Taxation on monetary gifts

What are the rules surrounding taxation on monetary gifts from parents to children/children-in-law?

Is there a limit of �3000 per person per year before any monetary gifts are taxable?

I'd heard something about parents being able to give as much money as they wish to their children, but it would only become taxable if they die within 7 years of giving that gift.

Can someone please clarify the situation and also point me in the direction of an official website with up-to-date info on it (I've tried searching on the HM Revenue and Customs website, and I guess the information I'm after must be there somewhere, but I can't seem to find it).

Many thanks in advance
Karen
12:53 Sun 24th Feb 2008
 
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No tax on monetary gift that are genuine gifts. Seven year rule applies to some gifts but only affects inheritance tax liability. Just google inheritance tax rules on HMRC
Question Author
Right, having done some further research, I have come up to the following conclusions:

My parents can give a one-off tax-free gift (no matter how large), so long as they live for seven years after they have given it.

If the parent who gave the gift dies within seven years, the gift may be liable for inheritance tax, subject to the following:

If this parent�s estate is worth more than �300k (the current inheritance tax threshold) then the gift may be taken into account when calculating tax.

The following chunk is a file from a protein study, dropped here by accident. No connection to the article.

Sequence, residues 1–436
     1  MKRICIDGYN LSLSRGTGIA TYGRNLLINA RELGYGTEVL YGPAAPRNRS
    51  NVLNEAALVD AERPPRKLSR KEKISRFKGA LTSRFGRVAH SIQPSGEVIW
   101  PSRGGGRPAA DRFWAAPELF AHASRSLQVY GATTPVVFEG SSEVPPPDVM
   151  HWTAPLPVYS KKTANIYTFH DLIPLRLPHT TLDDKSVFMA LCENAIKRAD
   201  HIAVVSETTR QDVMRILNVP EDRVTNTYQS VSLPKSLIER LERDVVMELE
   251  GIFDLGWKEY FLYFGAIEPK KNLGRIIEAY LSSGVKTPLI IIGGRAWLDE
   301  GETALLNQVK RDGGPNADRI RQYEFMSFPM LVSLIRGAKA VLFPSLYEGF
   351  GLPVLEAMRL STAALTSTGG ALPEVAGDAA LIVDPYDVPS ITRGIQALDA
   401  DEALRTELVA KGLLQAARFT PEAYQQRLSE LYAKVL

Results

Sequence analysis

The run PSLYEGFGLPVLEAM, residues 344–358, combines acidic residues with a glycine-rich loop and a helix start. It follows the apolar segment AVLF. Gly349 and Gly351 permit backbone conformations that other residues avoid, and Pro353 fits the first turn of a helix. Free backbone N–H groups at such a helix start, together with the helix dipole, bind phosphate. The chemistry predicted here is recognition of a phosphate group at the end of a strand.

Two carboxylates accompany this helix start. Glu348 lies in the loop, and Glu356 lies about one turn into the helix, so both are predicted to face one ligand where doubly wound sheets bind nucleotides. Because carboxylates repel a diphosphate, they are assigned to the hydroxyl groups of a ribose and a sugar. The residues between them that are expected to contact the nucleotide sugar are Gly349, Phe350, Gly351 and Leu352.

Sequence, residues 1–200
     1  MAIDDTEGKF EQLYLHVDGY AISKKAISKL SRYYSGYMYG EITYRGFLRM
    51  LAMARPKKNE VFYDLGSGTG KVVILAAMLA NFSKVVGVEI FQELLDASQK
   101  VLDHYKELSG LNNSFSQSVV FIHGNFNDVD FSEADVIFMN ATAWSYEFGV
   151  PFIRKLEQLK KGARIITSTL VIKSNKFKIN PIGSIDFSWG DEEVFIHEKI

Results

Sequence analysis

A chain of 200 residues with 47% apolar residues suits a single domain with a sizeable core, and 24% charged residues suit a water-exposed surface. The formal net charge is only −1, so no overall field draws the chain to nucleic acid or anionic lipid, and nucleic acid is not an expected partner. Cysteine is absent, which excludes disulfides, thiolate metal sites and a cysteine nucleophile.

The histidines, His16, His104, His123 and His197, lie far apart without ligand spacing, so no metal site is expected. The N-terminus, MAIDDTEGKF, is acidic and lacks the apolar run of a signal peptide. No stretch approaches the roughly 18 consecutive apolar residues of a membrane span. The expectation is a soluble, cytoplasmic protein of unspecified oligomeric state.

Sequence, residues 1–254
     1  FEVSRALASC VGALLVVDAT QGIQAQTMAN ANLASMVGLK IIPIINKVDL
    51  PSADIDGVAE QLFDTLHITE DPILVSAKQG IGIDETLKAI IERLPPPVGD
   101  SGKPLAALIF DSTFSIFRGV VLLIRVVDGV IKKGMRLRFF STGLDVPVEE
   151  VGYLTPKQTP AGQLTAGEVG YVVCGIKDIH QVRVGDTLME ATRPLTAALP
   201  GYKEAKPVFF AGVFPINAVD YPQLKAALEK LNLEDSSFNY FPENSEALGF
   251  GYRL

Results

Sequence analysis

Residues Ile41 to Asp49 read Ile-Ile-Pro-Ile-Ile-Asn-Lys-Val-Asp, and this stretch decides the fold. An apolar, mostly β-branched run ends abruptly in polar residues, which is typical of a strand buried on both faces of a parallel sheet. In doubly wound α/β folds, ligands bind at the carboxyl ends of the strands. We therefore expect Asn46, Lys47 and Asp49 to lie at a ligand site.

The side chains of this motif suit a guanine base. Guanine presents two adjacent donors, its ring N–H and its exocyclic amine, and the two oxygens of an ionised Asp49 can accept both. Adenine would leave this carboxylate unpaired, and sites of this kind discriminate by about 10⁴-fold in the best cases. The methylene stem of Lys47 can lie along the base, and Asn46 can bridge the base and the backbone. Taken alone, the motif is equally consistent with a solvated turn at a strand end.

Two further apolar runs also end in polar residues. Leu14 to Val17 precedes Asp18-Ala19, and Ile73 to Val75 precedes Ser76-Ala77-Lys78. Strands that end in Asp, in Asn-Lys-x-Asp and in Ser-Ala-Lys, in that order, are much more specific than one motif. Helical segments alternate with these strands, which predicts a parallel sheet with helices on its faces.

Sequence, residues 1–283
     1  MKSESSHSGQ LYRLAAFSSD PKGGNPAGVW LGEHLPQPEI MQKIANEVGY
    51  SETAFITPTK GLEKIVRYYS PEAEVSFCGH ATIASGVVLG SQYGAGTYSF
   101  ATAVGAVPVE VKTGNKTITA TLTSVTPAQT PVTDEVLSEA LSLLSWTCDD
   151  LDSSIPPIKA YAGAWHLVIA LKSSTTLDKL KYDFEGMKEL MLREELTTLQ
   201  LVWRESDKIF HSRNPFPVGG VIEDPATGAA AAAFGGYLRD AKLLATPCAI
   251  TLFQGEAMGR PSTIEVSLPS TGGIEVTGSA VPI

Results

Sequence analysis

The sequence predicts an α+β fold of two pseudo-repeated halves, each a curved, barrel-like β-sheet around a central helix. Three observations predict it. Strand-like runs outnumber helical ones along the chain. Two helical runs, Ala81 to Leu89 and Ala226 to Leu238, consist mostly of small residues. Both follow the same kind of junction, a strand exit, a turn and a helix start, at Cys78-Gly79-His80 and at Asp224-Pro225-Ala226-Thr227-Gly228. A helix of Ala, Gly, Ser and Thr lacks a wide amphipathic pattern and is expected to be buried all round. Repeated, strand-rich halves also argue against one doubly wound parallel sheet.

The first �3000 of the gift will be tax-free (�6000 if no gifts had been made the previous year).

Can someone please confirm if my conclusions are correct, or if I have got completely the wrong end of the stick/missed anything glaring?

Many thanks!
Karen
You are pretty much right but the �300K value of the estate is not static - it increases each year, & it is the limit at the date of death which applies. Also, the gift (excluding the �3K or �6K) is included in the estate in calculating whether it comes above the �300K limit. There is a sliding scale reduction in any IHT on the gift depending on how long before the death it was made, which reduces the liability if at least 3 years had elapsed.
There is a sliding scale reduction in any IHT on the gift depending on how long before the death it was made, which reduces the liability if at least 3 years had elapsed.


Only partly true - for the sliding scale to come into effect, the total of all potentially exempt gifts in the 7 years prior to death has to exceed the nil rate band.

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